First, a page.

Bottom line: Use the designer's equations to help you pick component values, then use your equations to see what the actual response is going to be. Make small adjustments to the values as needed.

  • \$\begingroup\$ So do you think the original designer just used intuition and experience to quickly sketch up that graph with equations? My guess would have been that it is a standard filter configuration (such as Sallen Key) with well known equations, and consulting any book one could quickly sketch up that graph. However since I can not find this configuration anywhere I am left thinking it must have been just intuition and experience that enabled the original designer to sketch up that graph. \$\endgroup\$
    – IgorEE
    Jun 19, 2014 at 17:19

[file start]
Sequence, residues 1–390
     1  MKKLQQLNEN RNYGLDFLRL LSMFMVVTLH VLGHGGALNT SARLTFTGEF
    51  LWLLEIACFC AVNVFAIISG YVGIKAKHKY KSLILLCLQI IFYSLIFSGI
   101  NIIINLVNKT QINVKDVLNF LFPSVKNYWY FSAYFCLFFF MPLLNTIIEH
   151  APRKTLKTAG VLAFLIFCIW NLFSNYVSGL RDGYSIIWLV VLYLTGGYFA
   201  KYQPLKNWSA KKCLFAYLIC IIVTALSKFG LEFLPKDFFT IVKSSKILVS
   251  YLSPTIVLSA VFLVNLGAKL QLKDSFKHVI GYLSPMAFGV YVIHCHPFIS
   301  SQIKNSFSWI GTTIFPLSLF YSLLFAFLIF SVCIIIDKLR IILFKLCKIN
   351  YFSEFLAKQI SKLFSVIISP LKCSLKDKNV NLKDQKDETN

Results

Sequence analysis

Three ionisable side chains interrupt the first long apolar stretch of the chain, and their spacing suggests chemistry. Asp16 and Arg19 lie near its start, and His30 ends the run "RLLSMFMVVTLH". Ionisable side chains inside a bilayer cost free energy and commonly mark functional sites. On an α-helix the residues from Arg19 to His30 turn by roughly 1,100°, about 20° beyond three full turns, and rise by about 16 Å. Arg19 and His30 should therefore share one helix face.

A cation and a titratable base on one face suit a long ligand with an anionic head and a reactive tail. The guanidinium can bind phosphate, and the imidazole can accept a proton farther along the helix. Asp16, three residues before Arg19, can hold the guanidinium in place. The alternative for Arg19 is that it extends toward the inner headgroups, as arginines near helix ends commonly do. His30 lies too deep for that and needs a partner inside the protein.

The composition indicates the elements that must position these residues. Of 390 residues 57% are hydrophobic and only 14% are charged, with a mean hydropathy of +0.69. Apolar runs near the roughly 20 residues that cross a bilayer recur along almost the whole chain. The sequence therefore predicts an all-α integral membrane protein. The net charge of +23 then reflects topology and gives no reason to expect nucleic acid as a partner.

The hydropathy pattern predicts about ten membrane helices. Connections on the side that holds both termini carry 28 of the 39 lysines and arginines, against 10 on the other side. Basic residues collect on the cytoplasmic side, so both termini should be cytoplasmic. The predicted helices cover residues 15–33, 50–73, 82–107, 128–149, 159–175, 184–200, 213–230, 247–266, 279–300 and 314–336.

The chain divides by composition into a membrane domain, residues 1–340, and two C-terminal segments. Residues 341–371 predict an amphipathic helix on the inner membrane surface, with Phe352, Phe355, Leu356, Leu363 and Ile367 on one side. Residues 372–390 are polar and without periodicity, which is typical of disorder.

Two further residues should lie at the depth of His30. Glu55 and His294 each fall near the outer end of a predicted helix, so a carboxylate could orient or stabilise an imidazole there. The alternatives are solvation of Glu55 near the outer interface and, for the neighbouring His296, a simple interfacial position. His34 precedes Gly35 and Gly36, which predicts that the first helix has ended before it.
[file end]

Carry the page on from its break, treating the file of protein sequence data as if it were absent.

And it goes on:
• \$\begingroup\$ Yes, it's exactly how I would approach designing such a circuit. I would use the simplified equations to do the design, then verify the results either on a breadboard, in simulation, or (last choice) working out the full equations. \$\endgroup\$
    – Dave Tweed
    Jun 19, 2014 at 17:27

"My question is how to proceed with deriving the filter gains and break frequencies? Any tool I can use to help me?"

At first the good news: The transfer function looks OK.

Regarding your question: If you really want to find the correct expressions for gain (maximum) and the corner frequencies (poles and zeros of the transfer function) you have to proceed as follows:

1.) Recalculate the transfer function (search for main denominator) with the aim to have only one single fraction (the "1" must disappear).

2.) As a result, you will have a transfer function consisting of a 2nd-order numerator and a 2nd-order denominator.

3.) Find the zeros of the numerator (zeros of the transfer function) as well as for the denominator (poles of the transfer function). Then you have the expressions for the 4 corner frequencies.

Regarding a corresponding tool: I know only about a tool which can find the pole/zero distribution for a given function with parts values (that means: not as a general expression/formula).